The Grey Album

Mixed, sampled and produced by DJ Danger Mouse

"The Grey Album is an art project/experiment that uses the full vocal content of Jay-Z's Black Album recorded over new beats and production made using the Beatles White Album as the sole source material.Danger Mouse insists he can explain and prove that all the musician the Grey Album can be traced back to the White Album and its musical content via sampling."

It is hard to imagine that when DJ Danger Mouse set out to create The Grey Album he imagined it would sit at the epicenter of a major conflict, one that would start a major cyber-protest and bring the practice of sampling to the legal forefront.

The cleverly entitled album layers the vocal tracks from Jay-Z's Black Album over sampled beats from The Beatles's White Album. Only three thousand copies were produced, intended to be promotional items. When it was released on February 3rd,2004, it caught a few ears and suddenly anyone who had heard it was raving- and with good cause.

Danger Mouse has done something terribly interesting terribly well here. The album itself is beyond engaging, the mix both competent and accessible. It doesn't rely on the notoriety of its source materials instead creating an entirely new product, a virgin land of glitch-hop melody. "99 Problems" takes "Helter Skelter"'s Spector-esque wall of guitars and throws their power behind Jay-Z's cobra bite rhymes. "Justify My Thug" takes the unlikely remix candidate "Rocky Raccoon" and gives it new life, the opening chords packing enough punch to evoke both Beatles' nostalgia and Hip-Hop power bass. Indeed, despite being founded on old material, the project remains ahead of its time.

Where you can find it, that is. Pretty soon, it was moving feet on the club floors. Then the lawyers came knocking. You see, Jay-Z's label (Roc-a-Fella) was more than pleased with remixed projects, the vocal tracks had come from an acapella release of The Black Album. EMI, who control the rights to The White Album were not quite so happy. On February 10th, they sent a cease-and-desist to Danger Mouse and the music stores selling his album. Ebay removed any copies for sale. The following day Blog site posted MP3s of the entire album and asked others to do the same. Soon enough, he too had a C+D all his own. Then came Grey Tuesday.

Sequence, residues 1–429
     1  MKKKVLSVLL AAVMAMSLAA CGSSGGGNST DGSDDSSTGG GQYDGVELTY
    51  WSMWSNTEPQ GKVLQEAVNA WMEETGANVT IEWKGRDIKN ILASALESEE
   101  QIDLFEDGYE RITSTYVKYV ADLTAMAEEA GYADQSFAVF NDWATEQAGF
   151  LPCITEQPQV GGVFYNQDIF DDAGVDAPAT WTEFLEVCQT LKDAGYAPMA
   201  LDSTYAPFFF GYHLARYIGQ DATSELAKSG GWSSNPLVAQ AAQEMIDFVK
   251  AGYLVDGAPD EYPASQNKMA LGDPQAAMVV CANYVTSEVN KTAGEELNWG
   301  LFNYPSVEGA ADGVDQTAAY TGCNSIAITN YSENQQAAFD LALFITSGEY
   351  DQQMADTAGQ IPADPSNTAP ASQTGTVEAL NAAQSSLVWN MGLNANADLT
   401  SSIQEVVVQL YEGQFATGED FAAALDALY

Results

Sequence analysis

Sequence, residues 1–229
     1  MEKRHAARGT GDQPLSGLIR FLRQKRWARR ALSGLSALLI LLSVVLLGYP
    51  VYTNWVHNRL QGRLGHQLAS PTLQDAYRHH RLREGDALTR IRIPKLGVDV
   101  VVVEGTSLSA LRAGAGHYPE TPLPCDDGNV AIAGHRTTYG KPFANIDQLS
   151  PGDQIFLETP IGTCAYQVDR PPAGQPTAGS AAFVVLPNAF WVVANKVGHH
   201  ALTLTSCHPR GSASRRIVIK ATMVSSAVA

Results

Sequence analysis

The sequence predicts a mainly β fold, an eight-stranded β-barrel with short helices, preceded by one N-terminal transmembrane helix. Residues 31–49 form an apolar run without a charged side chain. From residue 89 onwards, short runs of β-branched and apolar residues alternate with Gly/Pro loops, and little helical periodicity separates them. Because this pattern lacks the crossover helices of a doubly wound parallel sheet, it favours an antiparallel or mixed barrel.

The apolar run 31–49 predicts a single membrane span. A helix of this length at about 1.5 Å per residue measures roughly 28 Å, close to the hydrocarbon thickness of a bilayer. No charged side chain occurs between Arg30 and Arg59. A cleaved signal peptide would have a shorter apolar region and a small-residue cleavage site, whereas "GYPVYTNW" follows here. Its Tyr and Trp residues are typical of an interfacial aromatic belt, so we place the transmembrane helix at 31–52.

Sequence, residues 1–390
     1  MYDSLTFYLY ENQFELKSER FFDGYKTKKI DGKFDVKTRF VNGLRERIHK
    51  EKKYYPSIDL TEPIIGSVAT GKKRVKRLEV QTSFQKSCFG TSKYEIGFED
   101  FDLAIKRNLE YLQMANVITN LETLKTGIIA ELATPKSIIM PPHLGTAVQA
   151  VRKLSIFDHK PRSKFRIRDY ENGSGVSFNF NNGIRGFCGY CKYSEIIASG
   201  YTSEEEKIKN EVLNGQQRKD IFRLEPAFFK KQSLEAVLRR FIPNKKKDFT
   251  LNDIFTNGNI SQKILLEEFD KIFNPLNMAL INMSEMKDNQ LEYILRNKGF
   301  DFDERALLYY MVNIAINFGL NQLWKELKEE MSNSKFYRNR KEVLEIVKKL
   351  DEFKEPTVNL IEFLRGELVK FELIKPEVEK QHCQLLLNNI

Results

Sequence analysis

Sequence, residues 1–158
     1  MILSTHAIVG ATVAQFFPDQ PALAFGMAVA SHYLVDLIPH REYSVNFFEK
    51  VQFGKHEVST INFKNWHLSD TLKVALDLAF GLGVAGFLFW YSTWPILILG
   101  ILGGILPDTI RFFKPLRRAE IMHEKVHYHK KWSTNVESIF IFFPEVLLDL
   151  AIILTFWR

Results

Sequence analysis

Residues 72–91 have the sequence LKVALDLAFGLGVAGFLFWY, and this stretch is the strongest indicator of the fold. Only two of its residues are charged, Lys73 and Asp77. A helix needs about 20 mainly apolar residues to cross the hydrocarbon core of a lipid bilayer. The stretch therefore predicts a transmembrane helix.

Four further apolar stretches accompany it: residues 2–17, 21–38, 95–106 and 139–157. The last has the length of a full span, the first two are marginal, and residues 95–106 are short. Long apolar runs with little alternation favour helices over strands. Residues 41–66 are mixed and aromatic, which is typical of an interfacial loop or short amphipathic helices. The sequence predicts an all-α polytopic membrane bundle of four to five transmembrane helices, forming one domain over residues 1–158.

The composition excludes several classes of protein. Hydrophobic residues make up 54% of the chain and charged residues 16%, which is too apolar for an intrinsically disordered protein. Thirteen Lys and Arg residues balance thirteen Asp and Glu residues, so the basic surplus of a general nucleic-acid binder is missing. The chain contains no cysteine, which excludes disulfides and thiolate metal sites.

Music activism site began asking sites to do one of two things: Post the songs for one whole day (February 24th) or "Go Grey" (Present your site in grey scale for the day). The idea is not to encourage piracy, but to defy the heavy-handed and, indeed, stifling tactics of EMI and the RIAA. As of this writing, over 50 sites are prepared to host the album with another dozen Going Grey.

The Grey Album has become far more than another mashup. It has become a figurehead for the sampling movement in an era that is increasingly wary of copyright freedoms. What effect this will have on future such projects ( has a list of similar endeavors) remains to be seen, but one thing is sure: The Grey Album is here to stay.

Update: February 23rd, 2004 is reporting that sites either hosting the album or "Going Grey" tommorrow have all been sent C+Ds from Cowan, Liebowitz & Latman, presumably the legal representation of EMI. The C+D offers the following interesting bits of text:

  • "Your site is listed among those that will engage in this openly unlawful conduct"
  • "identify the names and addresses of any third parties who have supplied you with physical or digital copies of The Grey Album or who are otherwise involved in The Grey Album's unauthorized distribution, reproduction, public performance, or other exploitation"
  • " provide Capitol with an accounting of all units of The Grey Album that have been distributed via your website, either physically or digitally, and of all instances of public performance of The Grey Album rendered via your website"

While the actual C+D itself is not terribly surprising, the terrifying part of the situation is that these are being levyed against people who have not yet comitted a crime. replied to their C+D with the following: